Prosecutors Disciplined For Striking Blacks From Jury Panel

Here's something you don't see every day:

Saying they were negligent and incompetent when they struck seven blacks from the jury pool in a recent murder trial, Harris County [Texas] District Attorney Pat Lykos castigated two of her prosecutors Thursday, docking their pay and removing them from trial work.

Lykos said the prosecutors were negligent when they removed every black member of the jury panel in the murder prosecution of a black defendant. The prosecutors claim they were "shocked" when they looked at the dozen jurors who made the final cut and saw no black faces. Lykos said the prosecutors were merely incompetent, not racist, in their decision to strike all the black panel members. "If I thought for a moment that there were racial motives, they would have been fired,” she said.

But what are "racial motives"? [more ...]

The defense attorneys who represent Ricky Whitfield disagreed ... saying that Donnelly and Newaz relied on stereotypes — that whites are more conservative and blacks are more liberal — to exclude the black panelists.

“It’s the stereotype associated with being black that caused the prejudice in the first place, which is the nature of racism, it’s the basis for it,” attorney Jacquelyn Carpenter said.

When asked to respond to a defense challenge to the prosecutors' exercise of their strikes, "Donnelly and Newaz told the judge that the black panelists were indecisive about whether the criminal justice system should punish or rehabilitate." The judge didn't buy it, given that some white panelists expressed the same indecision but were left on the jury. The judge dismissed the jury and set a new trial date.

Even if she can't bring herself to find a racial motivation in the decision to strike all the black panelists, Lykos deserves praise for disciplining the prosecutors. As Mark Bennett, president of the Harris County Criminal Lawyers Association, said:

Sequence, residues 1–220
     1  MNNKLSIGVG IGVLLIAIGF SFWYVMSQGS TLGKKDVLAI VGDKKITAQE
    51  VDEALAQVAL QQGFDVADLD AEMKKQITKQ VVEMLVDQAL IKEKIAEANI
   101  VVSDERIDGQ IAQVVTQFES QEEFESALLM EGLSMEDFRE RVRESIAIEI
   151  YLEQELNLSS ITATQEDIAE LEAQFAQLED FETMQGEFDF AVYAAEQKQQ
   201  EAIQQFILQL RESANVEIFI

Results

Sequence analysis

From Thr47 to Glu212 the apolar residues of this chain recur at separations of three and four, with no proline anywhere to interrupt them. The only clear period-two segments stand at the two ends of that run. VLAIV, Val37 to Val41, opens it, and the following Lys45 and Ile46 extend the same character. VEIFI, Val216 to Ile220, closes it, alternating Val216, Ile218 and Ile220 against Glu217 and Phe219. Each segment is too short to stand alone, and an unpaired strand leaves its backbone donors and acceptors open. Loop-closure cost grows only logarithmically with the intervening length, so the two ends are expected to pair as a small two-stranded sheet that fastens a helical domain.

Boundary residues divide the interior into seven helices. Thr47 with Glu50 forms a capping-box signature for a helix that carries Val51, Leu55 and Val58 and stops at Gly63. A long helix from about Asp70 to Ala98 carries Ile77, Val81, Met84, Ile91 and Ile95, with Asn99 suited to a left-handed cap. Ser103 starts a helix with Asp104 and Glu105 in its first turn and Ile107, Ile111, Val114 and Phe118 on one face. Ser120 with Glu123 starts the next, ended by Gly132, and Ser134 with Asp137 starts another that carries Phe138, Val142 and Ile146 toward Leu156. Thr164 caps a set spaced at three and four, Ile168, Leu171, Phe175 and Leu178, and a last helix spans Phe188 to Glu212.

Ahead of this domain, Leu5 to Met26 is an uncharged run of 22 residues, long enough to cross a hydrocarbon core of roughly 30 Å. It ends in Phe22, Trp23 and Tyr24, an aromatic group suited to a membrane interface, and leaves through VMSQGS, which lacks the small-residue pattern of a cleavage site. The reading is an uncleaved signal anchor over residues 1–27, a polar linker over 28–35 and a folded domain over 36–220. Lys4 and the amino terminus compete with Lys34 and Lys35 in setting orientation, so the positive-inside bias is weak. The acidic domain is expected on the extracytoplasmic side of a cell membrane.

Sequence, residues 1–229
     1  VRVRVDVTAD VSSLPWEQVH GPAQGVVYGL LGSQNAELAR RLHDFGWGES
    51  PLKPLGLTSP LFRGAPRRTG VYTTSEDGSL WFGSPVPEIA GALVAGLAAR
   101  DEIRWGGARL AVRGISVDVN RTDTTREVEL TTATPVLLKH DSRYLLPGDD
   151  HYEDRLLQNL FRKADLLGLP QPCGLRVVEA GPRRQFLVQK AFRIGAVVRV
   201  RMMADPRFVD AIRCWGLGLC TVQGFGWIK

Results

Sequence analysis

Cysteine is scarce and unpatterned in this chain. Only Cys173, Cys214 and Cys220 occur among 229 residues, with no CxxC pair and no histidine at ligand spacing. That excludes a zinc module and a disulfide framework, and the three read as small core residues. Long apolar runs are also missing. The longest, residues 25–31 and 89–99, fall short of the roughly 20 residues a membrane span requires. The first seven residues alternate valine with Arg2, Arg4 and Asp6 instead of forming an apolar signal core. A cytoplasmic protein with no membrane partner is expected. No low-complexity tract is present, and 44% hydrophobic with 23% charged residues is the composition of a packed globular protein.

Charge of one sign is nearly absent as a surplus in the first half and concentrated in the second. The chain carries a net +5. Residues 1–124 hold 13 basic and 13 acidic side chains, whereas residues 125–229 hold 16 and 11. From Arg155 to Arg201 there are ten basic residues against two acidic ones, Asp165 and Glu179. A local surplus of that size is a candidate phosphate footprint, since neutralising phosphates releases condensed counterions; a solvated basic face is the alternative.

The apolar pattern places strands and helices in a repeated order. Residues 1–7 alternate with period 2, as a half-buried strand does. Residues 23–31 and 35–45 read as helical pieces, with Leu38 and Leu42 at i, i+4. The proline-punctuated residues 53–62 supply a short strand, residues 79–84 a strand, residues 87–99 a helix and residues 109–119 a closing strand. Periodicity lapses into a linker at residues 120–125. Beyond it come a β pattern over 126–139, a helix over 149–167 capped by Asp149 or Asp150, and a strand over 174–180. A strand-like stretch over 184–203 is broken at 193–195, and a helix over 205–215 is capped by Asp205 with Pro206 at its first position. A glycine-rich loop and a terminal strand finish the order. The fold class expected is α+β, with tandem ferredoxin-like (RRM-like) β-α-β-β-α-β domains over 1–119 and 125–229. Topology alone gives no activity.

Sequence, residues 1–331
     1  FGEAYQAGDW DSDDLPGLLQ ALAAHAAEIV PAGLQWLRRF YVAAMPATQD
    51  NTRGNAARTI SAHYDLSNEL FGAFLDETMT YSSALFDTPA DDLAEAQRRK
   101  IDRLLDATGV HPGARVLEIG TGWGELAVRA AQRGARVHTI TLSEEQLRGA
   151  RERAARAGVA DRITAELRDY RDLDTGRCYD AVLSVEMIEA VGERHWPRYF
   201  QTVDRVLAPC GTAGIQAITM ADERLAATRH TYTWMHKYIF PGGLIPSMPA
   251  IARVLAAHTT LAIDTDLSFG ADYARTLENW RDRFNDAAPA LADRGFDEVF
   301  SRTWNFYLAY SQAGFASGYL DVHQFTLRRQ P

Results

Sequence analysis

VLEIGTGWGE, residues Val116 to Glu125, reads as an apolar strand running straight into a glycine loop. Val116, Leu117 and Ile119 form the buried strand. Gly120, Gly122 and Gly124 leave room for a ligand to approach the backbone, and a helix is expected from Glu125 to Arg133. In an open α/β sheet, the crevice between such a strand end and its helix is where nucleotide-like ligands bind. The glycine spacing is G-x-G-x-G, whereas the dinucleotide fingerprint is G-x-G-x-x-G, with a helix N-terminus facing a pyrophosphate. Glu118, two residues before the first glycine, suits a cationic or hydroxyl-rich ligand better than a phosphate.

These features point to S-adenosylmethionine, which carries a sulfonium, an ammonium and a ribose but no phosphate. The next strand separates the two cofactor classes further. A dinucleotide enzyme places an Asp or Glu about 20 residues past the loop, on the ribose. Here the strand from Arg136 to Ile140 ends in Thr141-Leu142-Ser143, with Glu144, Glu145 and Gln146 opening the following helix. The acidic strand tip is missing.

“It’s an encouraging sign that (Lykos) is interested in trying to make things right and trying to make the system work fairly for all of the citizens of Harris County, not just the rich, white ones.”

Can't argue with that.

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  • Display: Sort:
    It's not clear to me from this (none / 0) (#1)
    by Bemused on Fri Mar 27, 2009 at 07:47:59 AM EST
      whether she is only upset because the actions of her assistants caused a delay and increased expense for her office and the court, in the same way she might be upset if an assistant made a "value neutral" mistake or omission with the same result.

       It may well be true that the assistants' motivation was purely to put the state in the best position to win a conviction against a person the prosecutors believe in good faith is guilty, and their GOAL was not racially motivated. However, the defense points that the METHOD employed counts as well should be acknowledged by Lykos.

      It is also worth remembering that it's not only the defendant's right to a fair trial at issue, but also the right of blacks to serve on juries.


    "racial motives" (none / 0) (#2)
    by diogenes on Fri Mar 27, 2009 at 08:04:27 PM EST
    Do you think that the prosecution would have the right to strike black jurors from the OJ murder trial?  Or is it only white people who as a group are biased in favor of those of their own race whereas blacks are entirely impartial observers?  I suspect that prosecutors try to strike Jews from juries that are trying Jews.  They'd try to strike Republicans from the Scooter Libby jury.  The idea that a jury with two blacks on it will somehow rule differently from an all white jury smells like a hope for nullification.

    Exercising peremptory strikes (none / 0) (#3)
    by Bemused on Sat Mar 28, 2009 at 10:20:56 AM EST
       by the prosecution is governed by Batson v. Ky.

      The law is not that the prosecution cannot use a perepmtory strike against a black  prospective juror when the defendant is black. (just using "black" could be other protected classes)

     In a nutshell, the law is that when a prosecutor does so and the defendant objects, a prima facie case of discrimination has been established. The burden is  now on the prosecutor to articulate a "race-neutral" explanation for the strike. If he cannot do so the strike is invalid. If he does do so, then the burden shifts back to the defendant to show that the articulated reason is a pretext offered to conceal a racial motive.

      That's why you ofren see, as in the case discussed in the original post, a comparison of the prosecutor's decisions concerning black and white jurors. If the "race neutral" reason offered by the prosecution to strike a black is "she informed us her sin had been arrested, so we were concerned that reason might colr her perception,"  but a white juror whose son had also been arrested was not struck that supports the pretext argument.